Stormy Wednesday. Thanksgiving looks nice. Another system this weekend.
We're enjoying another mostly sunny to partly cloudy day across the Tennessee Valley today, but temperatures are a good bit warmer than our Monday as we moderate ahead of the next storm system. Afternoon temperatures have been in the low to mid 60s, and we look to be even warmer tomorrow, with many folks getting near 70 degrees! The storm system we're watching is currently off in the Plains where thunderstorms are developing, and a severe thunderstorm watch is in place across a large portion of Oklahoma this afternoon. These thunderstorms will continue to develop and will eventually approach our area during the predawn and morning hours, weakening as they do so.
There will be a period during the late morning and midday where we will see a lull in the action, and probably even some sun breaks in the cloud cover, before more scattered thunderstorms develop ahead of the actual cold front during the afternoon and evening hours. This will help us to destabilize the atmosphere a bit, with afternoon highs reaching near 70 degrees and low to maybe even mid 60 dewpoints coming north into the area. With the wind shear and dynamics in place, and with what looks like somewhat greater instability than what we earlier thought, the chance of a couple of severe storms is going up *just a little bit* for tomorrow afternoon and evening. It's still a low-end risk, but a few of the storms tomorrow may possibly produce a 50-60 mph wind gust or maybe even a tornado or two. We will be fully staffed and ready to provide live coverage should any warnings are issued. A Level 1 of 5 risk remains in place for our entire viewing area for Wednesday, but I wouldn't be totally shocked if some portions are eventually upgraded to a Level 2 out of 5 risk, with slightly greater instability present than what was originally expected. This is why we've cautioned that, although it's a low-end risk, that doesn't mean you should turn your back on it. The main timeframe for any strong storm development tomorrow is Noon to 8:00pm. Because this won't be a solid line but rather a strong individual storm here and there, it's not possible to give a more precise timeline than that.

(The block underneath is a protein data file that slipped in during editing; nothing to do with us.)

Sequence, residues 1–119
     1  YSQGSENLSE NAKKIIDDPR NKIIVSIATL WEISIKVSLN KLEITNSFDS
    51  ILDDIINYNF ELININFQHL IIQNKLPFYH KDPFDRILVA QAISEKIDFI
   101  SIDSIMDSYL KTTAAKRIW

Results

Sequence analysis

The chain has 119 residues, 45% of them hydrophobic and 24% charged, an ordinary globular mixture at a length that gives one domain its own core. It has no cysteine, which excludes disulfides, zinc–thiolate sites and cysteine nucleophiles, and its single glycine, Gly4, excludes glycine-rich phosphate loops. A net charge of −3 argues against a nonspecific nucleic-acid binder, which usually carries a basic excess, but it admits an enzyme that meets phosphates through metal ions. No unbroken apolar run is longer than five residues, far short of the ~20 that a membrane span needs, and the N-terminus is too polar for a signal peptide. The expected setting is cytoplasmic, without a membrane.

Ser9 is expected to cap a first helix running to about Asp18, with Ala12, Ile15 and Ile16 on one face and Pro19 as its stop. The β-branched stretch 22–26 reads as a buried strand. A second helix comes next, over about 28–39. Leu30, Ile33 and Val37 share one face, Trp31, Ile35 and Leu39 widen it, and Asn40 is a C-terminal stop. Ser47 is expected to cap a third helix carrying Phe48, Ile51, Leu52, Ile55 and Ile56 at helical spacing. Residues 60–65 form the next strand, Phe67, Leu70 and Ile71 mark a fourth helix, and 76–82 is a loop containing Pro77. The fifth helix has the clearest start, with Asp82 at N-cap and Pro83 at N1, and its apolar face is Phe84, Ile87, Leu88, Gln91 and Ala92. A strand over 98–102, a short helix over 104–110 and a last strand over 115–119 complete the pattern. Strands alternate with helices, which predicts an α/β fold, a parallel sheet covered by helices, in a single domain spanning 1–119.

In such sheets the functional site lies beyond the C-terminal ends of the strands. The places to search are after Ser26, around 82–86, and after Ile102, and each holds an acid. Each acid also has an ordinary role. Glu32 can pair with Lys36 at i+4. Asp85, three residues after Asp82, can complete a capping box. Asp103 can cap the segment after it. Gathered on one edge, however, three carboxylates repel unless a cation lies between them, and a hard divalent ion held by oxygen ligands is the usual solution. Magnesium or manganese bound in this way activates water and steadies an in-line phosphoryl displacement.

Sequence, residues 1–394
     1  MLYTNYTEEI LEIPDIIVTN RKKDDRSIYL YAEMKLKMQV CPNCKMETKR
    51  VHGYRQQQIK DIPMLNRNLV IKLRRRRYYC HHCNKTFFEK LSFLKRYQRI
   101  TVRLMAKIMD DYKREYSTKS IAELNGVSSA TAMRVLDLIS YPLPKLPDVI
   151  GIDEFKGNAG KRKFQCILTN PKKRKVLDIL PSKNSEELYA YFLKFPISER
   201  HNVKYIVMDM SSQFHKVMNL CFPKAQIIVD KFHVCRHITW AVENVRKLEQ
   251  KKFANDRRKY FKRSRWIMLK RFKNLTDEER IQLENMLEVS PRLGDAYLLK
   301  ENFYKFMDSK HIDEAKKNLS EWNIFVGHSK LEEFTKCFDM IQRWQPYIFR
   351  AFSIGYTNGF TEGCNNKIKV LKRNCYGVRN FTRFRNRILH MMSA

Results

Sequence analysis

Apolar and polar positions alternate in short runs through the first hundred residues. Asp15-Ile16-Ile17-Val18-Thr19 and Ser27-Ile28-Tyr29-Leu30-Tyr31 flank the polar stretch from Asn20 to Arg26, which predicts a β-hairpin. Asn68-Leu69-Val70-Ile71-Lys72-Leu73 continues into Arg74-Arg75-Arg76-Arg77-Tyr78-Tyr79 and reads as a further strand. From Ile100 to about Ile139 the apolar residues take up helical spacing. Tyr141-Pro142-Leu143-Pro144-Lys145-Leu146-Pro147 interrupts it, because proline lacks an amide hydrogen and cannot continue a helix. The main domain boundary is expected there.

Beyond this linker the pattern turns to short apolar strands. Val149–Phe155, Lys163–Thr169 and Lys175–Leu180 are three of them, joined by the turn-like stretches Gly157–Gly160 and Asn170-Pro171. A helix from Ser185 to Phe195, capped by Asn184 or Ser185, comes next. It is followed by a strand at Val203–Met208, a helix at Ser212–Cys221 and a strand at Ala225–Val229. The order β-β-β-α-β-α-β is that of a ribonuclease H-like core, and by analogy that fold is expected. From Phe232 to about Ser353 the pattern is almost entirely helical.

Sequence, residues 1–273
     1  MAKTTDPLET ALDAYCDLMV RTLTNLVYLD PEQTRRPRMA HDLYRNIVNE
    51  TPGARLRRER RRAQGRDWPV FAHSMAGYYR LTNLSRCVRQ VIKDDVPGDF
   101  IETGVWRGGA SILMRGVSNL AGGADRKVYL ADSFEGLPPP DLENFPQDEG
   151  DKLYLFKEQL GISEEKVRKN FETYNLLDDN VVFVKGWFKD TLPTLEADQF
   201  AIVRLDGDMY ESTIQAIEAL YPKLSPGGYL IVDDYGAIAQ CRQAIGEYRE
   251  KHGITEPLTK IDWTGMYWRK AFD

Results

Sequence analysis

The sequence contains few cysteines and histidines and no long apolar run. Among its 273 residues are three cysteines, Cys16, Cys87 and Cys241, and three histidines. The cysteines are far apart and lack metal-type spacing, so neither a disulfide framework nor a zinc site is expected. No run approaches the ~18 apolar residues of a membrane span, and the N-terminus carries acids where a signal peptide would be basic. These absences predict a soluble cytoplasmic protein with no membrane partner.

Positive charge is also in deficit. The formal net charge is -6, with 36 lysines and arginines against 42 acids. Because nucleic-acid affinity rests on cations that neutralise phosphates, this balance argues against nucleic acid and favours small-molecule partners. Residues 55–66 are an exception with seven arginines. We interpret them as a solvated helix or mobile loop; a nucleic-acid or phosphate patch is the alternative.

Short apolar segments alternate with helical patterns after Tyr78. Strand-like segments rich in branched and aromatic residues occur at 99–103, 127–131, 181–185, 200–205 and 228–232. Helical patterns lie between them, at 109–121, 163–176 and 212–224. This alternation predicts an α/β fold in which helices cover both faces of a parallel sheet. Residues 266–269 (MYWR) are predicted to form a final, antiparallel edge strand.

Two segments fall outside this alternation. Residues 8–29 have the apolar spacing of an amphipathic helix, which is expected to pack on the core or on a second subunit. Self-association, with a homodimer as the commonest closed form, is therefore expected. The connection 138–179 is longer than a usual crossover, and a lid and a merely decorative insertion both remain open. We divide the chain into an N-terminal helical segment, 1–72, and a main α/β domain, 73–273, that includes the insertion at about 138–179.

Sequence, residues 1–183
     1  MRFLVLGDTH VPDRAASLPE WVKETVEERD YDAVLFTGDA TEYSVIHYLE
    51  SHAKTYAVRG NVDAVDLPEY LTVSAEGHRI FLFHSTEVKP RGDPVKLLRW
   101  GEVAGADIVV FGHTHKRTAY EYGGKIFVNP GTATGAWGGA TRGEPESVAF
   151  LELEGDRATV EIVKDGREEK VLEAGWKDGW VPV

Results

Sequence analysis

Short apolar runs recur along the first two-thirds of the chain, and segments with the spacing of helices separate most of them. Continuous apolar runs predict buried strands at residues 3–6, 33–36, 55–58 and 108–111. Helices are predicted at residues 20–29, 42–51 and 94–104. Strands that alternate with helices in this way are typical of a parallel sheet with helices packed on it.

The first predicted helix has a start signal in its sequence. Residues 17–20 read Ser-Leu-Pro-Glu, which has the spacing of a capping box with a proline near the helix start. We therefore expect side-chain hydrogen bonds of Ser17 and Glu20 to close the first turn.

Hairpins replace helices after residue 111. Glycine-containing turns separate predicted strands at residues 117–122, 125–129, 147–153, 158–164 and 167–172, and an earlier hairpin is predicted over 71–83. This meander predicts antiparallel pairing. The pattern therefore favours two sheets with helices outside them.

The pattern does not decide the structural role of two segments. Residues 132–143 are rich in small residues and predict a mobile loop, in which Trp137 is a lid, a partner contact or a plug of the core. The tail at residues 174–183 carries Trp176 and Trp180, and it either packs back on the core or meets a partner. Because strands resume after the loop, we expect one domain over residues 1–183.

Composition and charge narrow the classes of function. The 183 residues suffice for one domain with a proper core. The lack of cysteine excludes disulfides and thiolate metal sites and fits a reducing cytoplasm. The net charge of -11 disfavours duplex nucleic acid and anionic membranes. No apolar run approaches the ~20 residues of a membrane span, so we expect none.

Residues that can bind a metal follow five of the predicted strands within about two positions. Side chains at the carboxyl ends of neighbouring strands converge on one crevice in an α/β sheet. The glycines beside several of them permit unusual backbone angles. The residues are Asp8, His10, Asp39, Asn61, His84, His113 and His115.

Those storms move out later Wednesday evening, and drier and cooler air moves in overnight with lows dropping into the 40s. Weather for Thanksgiving Day looks great with clearing skies and highs in the mid 60s. We will between weather systems on Thursday, with quiet travel weather for a rather large part of the nation overall.
Our next weather system begins to take shape as we head into Friday. Increasing moisture across the South will lead to rain overspreading Mississippi and Alabama as the front from Wednesday comes back north as a warm front. A few showers may move into our area Friday and Friday night, especially our Alabama coverage counties, but most of the rain for Friday will stay off to the south of our viewing area.
That impulse moves up the front into the Carolinas for Saturday, and we get an overall break in the rain. We can't rule out an isolated shower or two for Saturday, but most of us will stay dry in the immediate area as the main part of the storm system organizes over the northwestern Gulf of Mexico and gets ready to head our way for Sunday into early Monday. What was once looking like a soggy Iron Bowl for Saturday is looking a bit drier now, with the more widespread rain hanging back to the southwest. If you're heading to the game though, still carry along your rain gear as the chance of showers is not zero.
The main portion of the storm system organizes and kicks out across the area on Sunday, bringing widespread rain and maybe some storms. The exact track of the surface low will determine the northward extent of the risk of strong storms, but the latest trends have been for any severe risk to stay off to the south of our area. Rainfall may be heavy at times though Sunday afternoon and Sunday night as the system moves through the area.
Here's where things get somewhat interesting. The storm system starts pulling away later Sunday night with colder air rushing in on strong northern winds. Temperatures by daybreak on Monday morning will likely be near or below freezing deep into north Alabama. As the storm system pulls away and energy wraps around the back side, there MIGHT be just enough residual moisture on the backside of the storm system for a few LIGHT snow FLURRIES to be squeezed out across the area during the first half of the day on Monday. Even the models that are most aggressive with this show NO ACCUMULATION, and with this being wrap-around moisture instead of a low in the Gulf, that automatically decreases the chances of any problems by a LARGE amount.
Regardless of any flurries, much colder air will be in place, with afternoon highs for the first half of next week struggling to get to 40 degrees and overnight lows heading for at least the mid 20s, and those may have to be lowered as we assess new forecast data as it comes in. It will definitely feel like the Christmas season as we head into next week!